Exhibitions/ Art Object

Irises and Stream

Suzuki Kiitsu (Japanese, 1796–1858)
Edo period (1615–1868)
mid-19th century
Hanging scroll; ink and color on paper
Image: 35 1/8 x 11 3/4 in. (89.2 x 29.8 cm) Overall: 72 x 17 in. (182.9 x 43.2 cm)
Credit Line:
Collection of Jane and Raphael Bernstein
Not on view
Iconic images of irises by Ogata Kōrin (1658–1716) were widely transmitted through their reproduction in woodblock-printed drawing manuals compiled by Sakai Hōitsu (1761–1828) and others in the early nineteenth century, and the motif became central to the Rinpa repertoire. In early Rinpa works, irises were associated with an episode from The Ise Stories (Ise monogatari), but by the late Edo period, along with other floral motifs favored by Rinpa artists, they had taken on a more naturalistic feel and become detached from literary associations. Here, the irises are buffeted by rain, as a water strider skirts across ripples on the marsh.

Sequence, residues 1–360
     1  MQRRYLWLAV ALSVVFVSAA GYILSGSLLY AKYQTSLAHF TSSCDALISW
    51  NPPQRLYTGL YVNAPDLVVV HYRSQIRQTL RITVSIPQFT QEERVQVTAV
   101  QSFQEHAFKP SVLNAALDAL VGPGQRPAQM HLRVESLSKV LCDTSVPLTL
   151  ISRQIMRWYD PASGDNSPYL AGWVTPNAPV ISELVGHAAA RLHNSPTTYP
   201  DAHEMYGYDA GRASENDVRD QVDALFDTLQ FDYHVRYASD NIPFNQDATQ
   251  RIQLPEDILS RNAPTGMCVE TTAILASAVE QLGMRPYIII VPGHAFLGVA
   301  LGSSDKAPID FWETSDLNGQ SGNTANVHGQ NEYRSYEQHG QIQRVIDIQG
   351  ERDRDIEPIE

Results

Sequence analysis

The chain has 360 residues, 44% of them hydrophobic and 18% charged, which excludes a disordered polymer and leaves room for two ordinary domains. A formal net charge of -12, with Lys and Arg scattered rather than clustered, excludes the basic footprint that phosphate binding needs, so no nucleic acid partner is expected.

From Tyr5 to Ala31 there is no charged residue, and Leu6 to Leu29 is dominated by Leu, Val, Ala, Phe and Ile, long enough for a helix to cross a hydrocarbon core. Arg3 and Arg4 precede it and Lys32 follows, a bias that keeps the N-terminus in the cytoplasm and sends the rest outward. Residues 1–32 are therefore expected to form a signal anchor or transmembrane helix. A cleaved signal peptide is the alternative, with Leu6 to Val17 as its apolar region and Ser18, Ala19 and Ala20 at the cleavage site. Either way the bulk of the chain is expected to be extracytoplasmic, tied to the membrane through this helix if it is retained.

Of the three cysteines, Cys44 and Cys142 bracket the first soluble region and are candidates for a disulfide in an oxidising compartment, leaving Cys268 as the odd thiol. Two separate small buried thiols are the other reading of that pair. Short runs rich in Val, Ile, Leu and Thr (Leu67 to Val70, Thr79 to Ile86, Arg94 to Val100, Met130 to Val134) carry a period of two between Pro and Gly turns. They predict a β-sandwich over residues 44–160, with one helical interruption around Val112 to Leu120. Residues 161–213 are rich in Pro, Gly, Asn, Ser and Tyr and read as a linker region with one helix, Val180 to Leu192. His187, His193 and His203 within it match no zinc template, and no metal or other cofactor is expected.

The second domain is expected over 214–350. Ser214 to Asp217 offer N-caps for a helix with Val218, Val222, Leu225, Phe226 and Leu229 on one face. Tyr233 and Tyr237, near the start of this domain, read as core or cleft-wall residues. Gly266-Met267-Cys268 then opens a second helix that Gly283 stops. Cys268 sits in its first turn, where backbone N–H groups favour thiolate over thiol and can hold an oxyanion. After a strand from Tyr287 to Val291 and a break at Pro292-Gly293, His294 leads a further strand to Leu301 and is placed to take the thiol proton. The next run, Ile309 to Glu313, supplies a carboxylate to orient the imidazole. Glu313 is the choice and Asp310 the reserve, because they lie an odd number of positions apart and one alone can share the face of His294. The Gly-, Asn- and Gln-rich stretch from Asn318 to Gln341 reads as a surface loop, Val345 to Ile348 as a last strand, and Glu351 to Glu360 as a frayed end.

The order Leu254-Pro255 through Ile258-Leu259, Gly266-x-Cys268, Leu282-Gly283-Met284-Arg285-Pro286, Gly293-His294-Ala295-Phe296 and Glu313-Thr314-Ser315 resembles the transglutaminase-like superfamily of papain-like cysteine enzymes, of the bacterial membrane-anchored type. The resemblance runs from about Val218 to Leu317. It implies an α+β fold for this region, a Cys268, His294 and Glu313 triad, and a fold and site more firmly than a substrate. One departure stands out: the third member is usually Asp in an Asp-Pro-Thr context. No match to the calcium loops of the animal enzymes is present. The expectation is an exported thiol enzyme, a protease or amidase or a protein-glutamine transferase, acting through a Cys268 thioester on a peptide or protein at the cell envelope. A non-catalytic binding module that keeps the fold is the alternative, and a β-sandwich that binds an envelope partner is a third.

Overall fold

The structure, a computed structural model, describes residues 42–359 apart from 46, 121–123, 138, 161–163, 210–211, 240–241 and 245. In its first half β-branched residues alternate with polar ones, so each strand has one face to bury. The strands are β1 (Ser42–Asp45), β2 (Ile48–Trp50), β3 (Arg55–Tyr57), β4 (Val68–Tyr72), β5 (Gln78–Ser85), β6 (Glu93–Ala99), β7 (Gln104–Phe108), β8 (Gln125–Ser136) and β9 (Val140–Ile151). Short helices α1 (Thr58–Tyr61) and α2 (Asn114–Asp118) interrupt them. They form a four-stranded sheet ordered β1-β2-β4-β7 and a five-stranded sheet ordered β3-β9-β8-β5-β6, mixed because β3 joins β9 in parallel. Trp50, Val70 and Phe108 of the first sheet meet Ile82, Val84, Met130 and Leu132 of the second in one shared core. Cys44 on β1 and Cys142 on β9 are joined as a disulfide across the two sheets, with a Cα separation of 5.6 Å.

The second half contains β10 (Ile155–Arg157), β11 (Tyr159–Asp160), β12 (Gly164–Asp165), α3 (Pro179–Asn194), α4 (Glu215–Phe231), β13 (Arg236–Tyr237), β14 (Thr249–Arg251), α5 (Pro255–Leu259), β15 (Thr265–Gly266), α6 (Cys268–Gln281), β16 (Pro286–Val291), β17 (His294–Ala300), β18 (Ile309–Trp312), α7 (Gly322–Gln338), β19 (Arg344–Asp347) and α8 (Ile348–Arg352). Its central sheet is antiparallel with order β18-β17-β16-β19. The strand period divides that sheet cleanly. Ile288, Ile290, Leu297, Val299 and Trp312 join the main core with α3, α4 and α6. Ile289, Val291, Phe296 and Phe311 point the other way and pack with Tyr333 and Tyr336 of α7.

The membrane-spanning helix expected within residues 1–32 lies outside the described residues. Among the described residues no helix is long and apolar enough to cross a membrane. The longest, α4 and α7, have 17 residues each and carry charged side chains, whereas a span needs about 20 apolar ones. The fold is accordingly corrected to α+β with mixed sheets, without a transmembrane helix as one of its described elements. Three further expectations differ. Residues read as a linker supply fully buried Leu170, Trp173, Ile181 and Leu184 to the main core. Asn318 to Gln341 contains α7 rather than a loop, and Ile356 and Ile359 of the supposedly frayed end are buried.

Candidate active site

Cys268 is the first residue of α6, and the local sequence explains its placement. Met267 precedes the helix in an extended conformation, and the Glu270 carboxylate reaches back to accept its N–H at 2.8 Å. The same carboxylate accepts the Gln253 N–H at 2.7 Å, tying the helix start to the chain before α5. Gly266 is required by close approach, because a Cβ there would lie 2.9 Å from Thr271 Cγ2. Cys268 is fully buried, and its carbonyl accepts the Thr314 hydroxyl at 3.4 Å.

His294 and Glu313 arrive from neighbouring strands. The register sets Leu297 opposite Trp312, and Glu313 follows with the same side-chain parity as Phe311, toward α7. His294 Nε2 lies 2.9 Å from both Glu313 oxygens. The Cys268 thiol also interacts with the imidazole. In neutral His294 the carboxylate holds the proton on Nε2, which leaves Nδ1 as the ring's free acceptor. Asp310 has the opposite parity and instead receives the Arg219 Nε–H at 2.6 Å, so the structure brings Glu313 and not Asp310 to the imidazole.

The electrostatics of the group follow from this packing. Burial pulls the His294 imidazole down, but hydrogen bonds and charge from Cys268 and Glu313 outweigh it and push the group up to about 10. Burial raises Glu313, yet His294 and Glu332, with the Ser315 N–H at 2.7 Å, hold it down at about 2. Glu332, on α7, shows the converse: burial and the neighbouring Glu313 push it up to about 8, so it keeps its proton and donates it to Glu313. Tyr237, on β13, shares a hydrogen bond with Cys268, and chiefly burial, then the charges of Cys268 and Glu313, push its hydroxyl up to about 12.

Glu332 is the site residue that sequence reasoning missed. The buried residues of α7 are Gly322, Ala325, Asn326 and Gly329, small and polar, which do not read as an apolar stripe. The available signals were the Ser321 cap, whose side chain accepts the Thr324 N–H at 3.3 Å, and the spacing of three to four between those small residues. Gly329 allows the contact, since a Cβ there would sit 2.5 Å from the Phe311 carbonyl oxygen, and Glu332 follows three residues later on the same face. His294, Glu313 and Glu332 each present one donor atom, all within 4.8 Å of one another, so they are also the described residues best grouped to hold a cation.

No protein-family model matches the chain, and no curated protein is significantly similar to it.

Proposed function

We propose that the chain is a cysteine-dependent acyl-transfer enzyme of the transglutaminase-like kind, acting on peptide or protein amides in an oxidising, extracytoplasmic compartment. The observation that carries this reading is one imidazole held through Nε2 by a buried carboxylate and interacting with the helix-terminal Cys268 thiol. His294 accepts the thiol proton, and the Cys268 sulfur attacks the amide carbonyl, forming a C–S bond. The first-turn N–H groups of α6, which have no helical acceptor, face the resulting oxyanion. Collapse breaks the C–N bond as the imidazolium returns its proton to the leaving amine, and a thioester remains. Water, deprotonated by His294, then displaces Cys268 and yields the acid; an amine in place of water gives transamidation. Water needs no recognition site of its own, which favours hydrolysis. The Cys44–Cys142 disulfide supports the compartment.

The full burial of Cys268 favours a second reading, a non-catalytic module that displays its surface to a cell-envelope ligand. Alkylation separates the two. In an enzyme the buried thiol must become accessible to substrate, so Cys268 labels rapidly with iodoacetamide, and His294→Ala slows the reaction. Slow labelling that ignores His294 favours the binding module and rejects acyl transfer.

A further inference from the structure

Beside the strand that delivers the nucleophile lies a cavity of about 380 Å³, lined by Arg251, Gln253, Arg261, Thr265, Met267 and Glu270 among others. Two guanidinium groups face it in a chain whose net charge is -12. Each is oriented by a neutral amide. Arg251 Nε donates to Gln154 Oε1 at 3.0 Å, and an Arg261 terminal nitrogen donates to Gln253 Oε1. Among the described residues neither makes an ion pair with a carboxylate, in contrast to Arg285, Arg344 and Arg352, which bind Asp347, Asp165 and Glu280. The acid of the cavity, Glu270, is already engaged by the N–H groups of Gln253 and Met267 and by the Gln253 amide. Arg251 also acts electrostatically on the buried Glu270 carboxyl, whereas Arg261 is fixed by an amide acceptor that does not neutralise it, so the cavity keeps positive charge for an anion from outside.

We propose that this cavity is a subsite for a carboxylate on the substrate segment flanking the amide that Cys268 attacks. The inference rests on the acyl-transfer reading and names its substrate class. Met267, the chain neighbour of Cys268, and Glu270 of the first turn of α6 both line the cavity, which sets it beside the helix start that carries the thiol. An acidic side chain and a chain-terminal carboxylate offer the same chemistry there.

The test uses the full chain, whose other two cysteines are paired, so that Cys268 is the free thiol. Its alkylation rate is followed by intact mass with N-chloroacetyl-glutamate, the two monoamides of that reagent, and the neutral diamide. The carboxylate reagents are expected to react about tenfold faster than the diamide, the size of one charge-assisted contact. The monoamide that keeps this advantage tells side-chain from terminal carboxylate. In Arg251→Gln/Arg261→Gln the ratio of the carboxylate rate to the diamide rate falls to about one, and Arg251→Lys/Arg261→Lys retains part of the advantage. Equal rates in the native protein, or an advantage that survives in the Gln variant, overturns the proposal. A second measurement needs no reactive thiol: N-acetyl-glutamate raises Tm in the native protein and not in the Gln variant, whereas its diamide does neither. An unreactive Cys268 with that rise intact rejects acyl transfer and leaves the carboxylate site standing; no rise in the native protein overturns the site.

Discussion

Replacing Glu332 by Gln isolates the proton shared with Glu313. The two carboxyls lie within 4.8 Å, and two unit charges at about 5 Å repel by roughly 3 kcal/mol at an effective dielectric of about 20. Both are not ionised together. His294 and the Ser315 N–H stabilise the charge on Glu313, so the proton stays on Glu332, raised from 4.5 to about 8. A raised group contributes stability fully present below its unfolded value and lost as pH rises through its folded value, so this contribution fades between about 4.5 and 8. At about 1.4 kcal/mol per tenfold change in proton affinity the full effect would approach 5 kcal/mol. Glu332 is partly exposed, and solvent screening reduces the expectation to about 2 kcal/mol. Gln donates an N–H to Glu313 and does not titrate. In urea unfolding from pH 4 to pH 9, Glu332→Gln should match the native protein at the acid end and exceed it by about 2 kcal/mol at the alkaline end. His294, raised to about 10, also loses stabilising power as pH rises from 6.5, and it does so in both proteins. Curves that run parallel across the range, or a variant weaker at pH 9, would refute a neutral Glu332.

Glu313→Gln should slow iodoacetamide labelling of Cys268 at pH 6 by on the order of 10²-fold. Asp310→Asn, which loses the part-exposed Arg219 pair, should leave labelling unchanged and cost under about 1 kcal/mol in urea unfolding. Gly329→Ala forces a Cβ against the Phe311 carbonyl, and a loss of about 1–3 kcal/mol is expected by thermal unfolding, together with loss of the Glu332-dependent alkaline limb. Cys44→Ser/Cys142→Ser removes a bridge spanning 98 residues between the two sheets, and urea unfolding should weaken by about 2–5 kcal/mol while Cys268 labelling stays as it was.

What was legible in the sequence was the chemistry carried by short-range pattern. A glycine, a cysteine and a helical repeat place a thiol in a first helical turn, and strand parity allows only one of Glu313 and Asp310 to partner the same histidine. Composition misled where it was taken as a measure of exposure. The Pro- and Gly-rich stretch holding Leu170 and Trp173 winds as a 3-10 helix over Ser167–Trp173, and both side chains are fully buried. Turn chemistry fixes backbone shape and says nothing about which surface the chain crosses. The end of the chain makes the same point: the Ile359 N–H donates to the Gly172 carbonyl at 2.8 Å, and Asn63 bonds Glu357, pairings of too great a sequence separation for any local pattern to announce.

Hōitsu’s protégé, Kiitsu began his apprenticeship with the master in 1813, when he moved into the Hōitsu household. He was later adopted by Suzuki Reitan, a samurai who served the Sakai clan and a student of Hōitsu’s. Although Kiitsu emulated his teacher’s style, later in life he sought a fresher, more modern feel in his work, often employing a vibrant palette of purples, pinks, greens, and blues never before seen, even in the colorful Rinpa tradition.
Signature: Signed "Seisei Kiitsu"; sealed "Shunkurin"
New York. The Metropolitan Museum of Art. "Designing Nature: The Rinpa Aesthetic in Japanese Art," May 26, 2012–January 13, 2013.